Biophysical/biochemical cues from the environment contribute to regulation of the regenerative capacity of resident skeletal muscle stem cells called satellites cells. This can be observed in vitro, where muscle cell behaviour is influenced by the particular culture substrates and whether culture is performed in a 2D or 3D environment, with changes including morphology, nuclear shape and cytoskeletal organization. To create a 3D skeletal muscle model we compared collagen I, Fibrin or PEG-Fibrinogen with different sources of murine and human myogenic cells. To generate tension in the 3D scaffold, biomaterials were polymerised between two flexible silicone posts to mimic tendons. This 3D culture system has multiple advantages including being simple, fast to set up and inexpensive, so providing an accessible tool to investigate myogenesis in a 3D environment. Immortalised human and murine myoblast lines, and primary murine satellite cells showed varying degrees of myogenic differentiation when cultured in these biomaterials, with C2 myoblasts in particular forming large multinucleated myotubes in collagen I or Fibrin. However, murine satellite cells retained in their niche on a muscle fibre and embedded in 3D collagen I or Fibrin gels generated aligned, multinucleated and contractile myotubes.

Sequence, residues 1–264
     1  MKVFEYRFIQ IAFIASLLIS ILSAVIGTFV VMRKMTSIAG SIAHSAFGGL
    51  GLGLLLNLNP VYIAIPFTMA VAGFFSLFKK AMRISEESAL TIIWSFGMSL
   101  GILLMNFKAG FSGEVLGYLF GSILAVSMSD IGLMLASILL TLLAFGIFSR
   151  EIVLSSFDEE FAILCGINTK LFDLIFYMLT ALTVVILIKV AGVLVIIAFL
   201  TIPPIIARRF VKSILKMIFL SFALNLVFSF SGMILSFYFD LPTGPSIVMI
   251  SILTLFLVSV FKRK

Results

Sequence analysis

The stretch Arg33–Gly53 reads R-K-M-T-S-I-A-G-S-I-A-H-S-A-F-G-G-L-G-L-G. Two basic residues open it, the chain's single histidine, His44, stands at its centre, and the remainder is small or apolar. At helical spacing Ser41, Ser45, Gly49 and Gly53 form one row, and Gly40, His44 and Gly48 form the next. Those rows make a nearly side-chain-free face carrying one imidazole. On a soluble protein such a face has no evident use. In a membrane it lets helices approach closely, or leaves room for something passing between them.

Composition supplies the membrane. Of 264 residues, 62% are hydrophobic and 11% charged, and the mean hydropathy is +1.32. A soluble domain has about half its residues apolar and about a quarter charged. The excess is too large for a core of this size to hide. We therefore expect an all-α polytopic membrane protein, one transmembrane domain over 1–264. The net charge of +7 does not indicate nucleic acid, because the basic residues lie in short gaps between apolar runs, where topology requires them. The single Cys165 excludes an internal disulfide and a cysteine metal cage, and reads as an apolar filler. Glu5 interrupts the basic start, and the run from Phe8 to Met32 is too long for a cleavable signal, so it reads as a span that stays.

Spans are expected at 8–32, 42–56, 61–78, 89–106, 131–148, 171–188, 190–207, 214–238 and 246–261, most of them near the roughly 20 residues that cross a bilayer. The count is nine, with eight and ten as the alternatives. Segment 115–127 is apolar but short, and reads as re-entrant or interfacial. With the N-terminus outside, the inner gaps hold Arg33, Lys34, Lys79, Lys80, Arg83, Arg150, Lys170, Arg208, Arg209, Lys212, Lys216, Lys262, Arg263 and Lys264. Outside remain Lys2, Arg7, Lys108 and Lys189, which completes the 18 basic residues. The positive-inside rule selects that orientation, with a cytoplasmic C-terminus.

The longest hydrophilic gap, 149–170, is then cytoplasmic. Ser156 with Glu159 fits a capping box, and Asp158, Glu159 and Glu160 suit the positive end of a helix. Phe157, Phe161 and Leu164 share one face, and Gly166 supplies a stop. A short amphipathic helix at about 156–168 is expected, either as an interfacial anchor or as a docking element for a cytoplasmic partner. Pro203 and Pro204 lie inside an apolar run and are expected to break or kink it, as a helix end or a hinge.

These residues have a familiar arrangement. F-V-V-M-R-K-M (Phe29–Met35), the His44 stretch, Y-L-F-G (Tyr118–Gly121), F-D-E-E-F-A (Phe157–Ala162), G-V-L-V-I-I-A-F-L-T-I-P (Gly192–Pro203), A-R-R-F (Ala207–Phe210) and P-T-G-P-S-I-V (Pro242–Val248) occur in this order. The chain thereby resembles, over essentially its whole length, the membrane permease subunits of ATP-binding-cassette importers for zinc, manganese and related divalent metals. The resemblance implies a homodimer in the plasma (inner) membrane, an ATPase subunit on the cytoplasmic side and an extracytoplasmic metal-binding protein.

- Muscle function